‘This is a brief,’ he said, indicating the tatty pile of papers tied up with hot pink string ‘and your job is to get your hands on as many of these as you possibly can’.
That was pretty much my induction. Well that and being shown where the kettle was so I could make the copious amounts of tea that a clerks’ rooms runs on. It was my first day as a junior clerk in a barristers’ chambers. Manchester was the centre of the known universe with the Stone Roses, Happy Mondays and Inspiral Carpets at the height of their powers. The red half of the city was about to emerge as the dominant force in football for years to come and I was about to put my first foot on a career path that would define my life for decades.
I had dropped out of A-levels after a year without any real idea of what I wanted to do. After applying for a range of jobs and never quite finding what I was looking for, an advert in the Manchester Evening News caught my attention: Office junior required for barristers’ chambers. That was it. No real idea what the job entailed. After a successful interview, where my dazzling personality must have caught the eye of the senior clerk (either that or he was just desperate), I started work the following week.
After a relatively normal start I suddenly realised I was in some bizarre alternative reality. I was from a roughish area of Manchester, not far outside the city centre. I was not used to a world of Beaujolais nouveau, sports cars, Latin phrases, literary references and a bizarre contraption called a ‘cafetiere’. On top of the strange cultural shift was the language of chambers. When I stopped childishly giggling about briefs there was a veritable smorgasbord of a legal lexicon to learn. A refresher was not a sherbert filled chew and a floater was not an unwanted present in the toilet. What was the difference between a TWOC and a tort? And what on earth was an affidavit? All these questions would gradually be answered as the strange world of barristers seeped unconsciously into my brain.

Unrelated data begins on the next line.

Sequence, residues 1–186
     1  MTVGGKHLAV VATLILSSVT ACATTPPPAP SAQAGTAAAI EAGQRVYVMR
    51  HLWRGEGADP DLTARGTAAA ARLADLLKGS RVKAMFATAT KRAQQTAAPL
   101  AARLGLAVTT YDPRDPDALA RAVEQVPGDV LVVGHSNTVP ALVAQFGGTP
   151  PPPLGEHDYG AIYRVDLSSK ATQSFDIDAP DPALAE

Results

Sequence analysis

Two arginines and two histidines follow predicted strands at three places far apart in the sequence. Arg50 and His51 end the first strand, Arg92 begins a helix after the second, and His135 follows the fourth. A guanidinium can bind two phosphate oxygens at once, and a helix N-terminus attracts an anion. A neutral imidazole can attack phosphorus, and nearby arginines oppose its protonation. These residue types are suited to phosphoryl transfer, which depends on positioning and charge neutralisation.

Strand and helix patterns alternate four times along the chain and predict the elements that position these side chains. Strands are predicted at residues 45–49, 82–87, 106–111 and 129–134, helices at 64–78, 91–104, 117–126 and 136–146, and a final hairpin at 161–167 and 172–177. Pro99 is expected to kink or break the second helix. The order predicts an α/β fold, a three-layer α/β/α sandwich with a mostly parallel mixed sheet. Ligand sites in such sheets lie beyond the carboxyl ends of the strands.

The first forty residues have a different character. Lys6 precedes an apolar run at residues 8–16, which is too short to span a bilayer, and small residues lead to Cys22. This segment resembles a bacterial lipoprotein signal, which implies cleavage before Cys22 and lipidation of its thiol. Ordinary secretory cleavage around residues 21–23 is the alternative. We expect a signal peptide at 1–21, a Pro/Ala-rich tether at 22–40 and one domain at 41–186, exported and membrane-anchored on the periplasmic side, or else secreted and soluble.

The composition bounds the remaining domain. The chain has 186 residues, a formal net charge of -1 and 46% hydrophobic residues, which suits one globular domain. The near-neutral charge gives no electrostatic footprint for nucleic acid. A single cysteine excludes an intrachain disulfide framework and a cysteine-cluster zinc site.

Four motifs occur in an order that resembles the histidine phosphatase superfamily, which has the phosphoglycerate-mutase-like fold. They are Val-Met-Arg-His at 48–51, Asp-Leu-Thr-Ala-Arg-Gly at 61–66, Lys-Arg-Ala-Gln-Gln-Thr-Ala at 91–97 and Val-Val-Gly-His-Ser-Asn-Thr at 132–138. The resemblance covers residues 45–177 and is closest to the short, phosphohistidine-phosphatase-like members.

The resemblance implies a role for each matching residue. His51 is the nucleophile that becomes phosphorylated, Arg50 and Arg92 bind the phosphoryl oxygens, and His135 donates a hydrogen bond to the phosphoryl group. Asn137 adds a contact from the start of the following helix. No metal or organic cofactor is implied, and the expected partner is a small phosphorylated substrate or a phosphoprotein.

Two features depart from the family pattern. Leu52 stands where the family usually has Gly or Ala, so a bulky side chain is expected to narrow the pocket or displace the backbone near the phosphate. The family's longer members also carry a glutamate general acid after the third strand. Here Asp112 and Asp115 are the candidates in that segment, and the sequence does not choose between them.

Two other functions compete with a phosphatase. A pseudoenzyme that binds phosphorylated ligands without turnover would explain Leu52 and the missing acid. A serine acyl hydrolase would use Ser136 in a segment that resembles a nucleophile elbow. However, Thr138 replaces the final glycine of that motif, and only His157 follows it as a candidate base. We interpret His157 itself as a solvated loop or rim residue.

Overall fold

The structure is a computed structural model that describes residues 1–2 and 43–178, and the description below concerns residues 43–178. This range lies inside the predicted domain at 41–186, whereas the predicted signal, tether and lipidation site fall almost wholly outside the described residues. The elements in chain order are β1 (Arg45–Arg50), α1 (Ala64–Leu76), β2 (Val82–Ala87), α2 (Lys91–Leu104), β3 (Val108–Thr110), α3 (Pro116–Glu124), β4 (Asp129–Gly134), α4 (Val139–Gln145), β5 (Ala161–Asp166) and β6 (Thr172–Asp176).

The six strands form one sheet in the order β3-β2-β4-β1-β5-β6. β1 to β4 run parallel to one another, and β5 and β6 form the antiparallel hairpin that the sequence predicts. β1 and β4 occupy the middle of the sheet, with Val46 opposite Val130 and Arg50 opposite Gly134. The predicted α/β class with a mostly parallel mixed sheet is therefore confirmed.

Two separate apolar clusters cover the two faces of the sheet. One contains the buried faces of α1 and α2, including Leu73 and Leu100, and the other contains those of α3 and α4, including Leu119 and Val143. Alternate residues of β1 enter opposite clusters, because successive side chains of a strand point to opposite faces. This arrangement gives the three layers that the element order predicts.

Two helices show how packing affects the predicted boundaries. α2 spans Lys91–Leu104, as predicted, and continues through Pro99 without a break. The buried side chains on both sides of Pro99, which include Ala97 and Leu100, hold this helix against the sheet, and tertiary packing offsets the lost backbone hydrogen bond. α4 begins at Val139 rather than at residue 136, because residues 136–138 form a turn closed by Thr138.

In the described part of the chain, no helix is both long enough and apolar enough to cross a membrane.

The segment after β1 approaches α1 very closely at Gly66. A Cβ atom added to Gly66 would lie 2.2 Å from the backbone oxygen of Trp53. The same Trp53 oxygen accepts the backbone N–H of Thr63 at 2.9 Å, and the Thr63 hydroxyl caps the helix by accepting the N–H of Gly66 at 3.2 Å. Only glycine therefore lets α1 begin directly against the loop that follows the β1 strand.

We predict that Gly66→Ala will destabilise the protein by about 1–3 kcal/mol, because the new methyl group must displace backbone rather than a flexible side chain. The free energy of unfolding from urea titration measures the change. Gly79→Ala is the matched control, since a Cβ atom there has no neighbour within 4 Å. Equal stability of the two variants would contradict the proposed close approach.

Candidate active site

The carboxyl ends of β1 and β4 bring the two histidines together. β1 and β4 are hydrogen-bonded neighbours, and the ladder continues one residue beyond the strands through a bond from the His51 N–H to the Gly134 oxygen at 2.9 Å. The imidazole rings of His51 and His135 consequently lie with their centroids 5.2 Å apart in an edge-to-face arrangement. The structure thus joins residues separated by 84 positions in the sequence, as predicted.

And then there were the barristers themselves.
One or two were very nearly normal, most of them however were like Withnail on acid. Wildly eccentric, exotic and strange to my seriously inexperienced eyes. I fell in love on the spot. They drank at lunch time, they smoked weird cigars and pipes, and they ate out at restaurants. The only time I remember us eating out was when we went to a Beefeater on the way back from my aunties (I had a huge knickerbocker glory for dessert and it came back to haunt my folks in the car on the way home). Barristers seemed educated, articulate and sophisticated (how wrong first impressions can be!).
I can remember little of these first few weeks other than the senior clerk’s lunch order. He had the same thing every day (on the days when he was in by lunch time). Ham and tomato on a white roll with a packet of plain crisps. I knew there was something wrong with him there and then. Ham and tomato! Never. Cheese and tomato, everyone knows that. He was also a cockney. I knew this because I didn’t understand half of what he said. It sort of went ‘cahm on you irons, lord lubba dahck, free for a pahnd, norvern mahnkey…blah blah the temple’. Little did I know that soon I would understand this outlandish chatter and also be able to converse in this strange language.
I had so much to learn. The truly unique and slightly disturbing relationship betwixt clerk and barrister was still hidden from me. The joys of the listing meeting was but a twinkle in the first junior’s eye. Last minute returns, wigs and gowns, silk’s parties, the hierarchy of the clerks’ room and many other oddities were all as yet unknown. I had taken a peek into the world of barristers and clerks and I was eager to see more, and soon I would.